Winchester’s new 20-gauge Long Beard XR load should be on dealer shelves in plenty of time for spring turkey hunting. General season opens March 25, with youth hunting opportunities beforehand, and this might make a good shell for smaller-framed gobbler gunners. (WINCHESTER)

The sample gun I fired was chambered in .300 Win. Magnum.  Thanks to modern recoil pad technology and materials, this baby is a delight to shoot. I was wearing a lightweight nylon jacket and felt recoil was no different than with my own ’06.

Browning put some eye-catching cosmetics into this model. It’s got a burnt bronze Cerakote finish that is unlike anything I’ve seen before. It wears a fluted heavy sporter contour barrel, and the composite stock is finished in A-TACS AU camo with Dura-Touch armor coating. The grip has a palm swell and gripping surfaces are textured, which is important to anyone who hunts in the Pacific Northwest, Northern California, North Idaho or Western Montana, and especially in Southeast Alaska.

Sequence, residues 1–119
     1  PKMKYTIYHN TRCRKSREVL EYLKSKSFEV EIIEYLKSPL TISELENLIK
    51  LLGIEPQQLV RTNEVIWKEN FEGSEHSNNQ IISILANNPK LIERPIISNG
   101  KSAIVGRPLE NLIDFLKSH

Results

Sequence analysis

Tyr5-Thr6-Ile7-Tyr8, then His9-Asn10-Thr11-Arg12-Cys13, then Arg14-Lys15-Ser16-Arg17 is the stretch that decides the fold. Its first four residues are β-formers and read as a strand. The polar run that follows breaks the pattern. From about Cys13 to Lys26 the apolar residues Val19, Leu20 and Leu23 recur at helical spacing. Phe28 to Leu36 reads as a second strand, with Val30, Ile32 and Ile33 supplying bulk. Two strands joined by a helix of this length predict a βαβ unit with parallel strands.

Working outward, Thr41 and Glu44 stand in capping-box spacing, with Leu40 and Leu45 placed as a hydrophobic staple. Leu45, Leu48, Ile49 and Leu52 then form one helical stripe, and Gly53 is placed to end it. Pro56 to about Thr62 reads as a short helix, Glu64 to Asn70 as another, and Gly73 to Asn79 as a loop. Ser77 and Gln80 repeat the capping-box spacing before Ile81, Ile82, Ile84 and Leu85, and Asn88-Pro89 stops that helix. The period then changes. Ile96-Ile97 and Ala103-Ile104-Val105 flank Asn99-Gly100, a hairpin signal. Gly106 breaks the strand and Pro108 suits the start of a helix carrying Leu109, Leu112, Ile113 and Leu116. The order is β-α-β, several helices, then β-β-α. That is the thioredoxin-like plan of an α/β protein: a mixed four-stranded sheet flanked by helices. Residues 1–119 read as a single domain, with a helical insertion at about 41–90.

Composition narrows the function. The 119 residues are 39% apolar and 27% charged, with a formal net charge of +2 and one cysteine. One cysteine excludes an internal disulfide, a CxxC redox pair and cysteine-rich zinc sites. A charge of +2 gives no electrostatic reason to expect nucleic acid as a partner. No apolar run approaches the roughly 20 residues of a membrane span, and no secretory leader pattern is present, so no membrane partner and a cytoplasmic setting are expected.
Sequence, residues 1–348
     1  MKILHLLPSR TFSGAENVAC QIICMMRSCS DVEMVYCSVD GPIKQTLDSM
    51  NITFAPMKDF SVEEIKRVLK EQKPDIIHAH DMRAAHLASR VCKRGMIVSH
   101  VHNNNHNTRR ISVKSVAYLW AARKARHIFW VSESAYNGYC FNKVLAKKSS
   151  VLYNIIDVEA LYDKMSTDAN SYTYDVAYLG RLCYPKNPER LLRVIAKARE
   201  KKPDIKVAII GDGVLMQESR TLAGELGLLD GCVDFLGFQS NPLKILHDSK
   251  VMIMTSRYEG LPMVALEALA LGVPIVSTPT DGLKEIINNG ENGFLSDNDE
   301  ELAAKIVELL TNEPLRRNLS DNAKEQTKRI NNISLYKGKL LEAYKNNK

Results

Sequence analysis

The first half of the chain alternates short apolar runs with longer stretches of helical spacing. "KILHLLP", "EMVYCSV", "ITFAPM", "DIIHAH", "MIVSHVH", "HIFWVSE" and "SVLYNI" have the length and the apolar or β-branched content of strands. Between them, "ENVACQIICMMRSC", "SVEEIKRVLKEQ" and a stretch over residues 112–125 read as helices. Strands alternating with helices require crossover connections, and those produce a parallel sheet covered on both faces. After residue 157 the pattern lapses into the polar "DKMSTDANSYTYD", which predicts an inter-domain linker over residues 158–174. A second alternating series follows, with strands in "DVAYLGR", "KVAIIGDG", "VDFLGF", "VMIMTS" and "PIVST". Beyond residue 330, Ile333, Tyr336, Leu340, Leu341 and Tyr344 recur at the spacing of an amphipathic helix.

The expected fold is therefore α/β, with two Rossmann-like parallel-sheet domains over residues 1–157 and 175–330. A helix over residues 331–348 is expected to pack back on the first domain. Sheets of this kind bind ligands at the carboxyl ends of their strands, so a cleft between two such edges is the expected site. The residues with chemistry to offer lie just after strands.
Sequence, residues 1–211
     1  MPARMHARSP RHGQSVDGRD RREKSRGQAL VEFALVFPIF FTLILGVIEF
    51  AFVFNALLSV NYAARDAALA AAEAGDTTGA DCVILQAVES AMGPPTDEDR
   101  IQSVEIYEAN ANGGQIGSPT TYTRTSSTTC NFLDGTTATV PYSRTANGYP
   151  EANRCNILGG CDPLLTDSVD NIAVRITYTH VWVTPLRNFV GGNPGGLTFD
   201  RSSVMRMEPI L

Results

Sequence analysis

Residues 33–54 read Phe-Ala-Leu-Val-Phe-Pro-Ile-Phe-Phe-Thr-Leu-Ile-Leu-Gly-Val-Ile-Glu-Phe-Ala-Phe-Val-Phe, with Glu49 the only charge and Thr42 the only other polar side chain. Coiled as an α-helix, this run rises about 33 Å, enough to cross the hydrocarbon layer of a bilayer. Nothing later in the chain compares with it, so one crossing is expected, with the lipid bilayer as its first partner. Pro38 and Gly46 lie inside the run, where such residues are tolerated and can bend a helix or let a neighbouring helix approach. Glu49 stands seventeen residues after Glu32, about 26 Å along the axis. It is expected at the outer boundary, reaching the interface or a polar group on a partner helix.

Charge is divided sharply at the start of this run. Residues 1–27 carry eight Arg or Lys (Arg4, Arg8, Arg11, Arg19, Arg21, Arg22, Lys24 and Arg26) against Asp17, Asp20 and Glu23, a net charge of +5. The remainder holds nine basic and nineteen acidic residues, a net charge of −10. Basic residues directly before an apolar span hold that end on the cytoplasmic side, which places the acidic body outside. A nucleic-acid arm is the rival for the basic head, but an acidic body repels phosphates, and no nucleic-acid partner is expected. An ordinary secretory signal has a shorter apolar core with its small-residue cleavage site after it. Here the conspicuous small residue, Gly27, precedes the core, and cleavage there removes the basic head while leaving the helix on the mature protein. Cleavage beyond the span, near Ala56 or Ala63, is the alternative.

While the other cartridges are dandies, especially the 26 and 28 Nosler, I think the .300 Win. Mag and 7mm Rem. Mag are probably the two most popular long-range big game cartridges now in common use in North America. I like that .30-caliber pill for any number of reasons, and being a handloader, if this was my rifle I’d already be tinkering at the loading bench with a good supply of Hodgdon powder and an assortment of 180- to 220-grain bullets from Nosler, Hornady, Barnes, Speer and Sierra.
ANOTHER ENTRY THAT impressed the hell out of me is Ruger’s brand new GP100 in .44 Special. I’ve never owned a .44 Special, or even a .44 Magnum for that matter. I’m a fanatic for the .41 Magnum, and I have a couple of Ruger single-actions in .45 Colt.